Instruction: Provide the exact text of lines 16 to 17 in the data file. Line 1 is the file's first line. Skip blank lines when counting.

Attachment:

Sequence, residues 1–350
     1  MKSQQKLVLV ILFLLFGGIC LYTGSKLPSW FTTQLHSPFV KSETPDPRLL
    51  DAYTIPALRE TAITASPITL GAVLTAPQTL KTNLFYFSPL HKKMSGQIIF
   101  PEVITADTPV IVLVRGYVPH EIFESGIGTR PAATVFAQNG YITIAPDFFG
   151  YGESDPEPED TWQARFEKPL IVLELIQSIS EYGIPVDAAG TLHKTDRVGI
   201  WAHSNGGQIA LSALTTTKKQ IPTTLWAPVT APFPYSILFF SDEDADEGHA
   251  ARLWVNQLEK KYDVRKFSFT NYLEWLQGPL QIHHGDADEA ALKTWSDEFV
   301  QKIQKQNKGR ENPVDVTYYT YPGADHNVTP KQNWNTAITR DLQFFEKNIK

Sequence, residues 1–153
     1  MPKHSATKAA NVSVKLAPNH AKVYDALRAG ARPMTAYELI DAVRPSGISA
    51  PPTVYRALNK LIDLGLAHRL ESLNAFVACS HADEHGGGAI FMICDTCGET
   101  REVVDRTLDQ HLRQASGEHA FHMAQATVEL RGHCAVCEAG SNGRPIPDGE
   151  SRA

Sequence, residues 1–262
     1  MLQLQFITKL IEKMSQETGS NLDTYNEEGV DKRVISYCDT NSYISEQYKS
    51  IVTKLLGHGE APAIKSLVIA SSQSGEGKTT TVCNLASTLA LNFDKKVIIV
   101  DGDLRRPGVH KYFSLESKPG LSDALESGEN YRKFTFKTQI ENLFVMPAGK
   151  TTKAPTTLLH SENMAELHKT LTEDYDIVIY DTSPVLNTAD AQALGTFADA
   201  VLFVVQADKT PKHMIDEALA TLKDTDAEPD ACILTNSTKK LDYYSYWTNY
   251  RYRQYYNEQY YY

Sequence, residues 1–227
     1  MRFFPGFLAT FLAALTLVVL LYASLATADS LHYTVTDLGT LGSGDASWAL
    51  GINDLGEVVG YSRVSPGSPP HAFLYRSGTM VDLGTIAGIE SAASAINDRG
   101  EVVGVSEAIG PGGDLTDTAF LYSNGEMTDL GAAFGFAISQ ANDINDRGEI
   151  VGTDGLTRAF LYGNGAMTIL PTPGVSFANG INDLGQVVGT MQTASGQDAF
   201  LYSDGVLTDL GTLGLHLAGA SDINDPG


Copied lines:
    51  IVTKLLGHGE APAIKSLVIA SSQSGEGKTT TVCNLASTLA LNFDKKVIIV
   101  DGDLRRPGVH KYFSLESKPG LSDALESGEN YRKFTFKTQI ENLFVMPAGK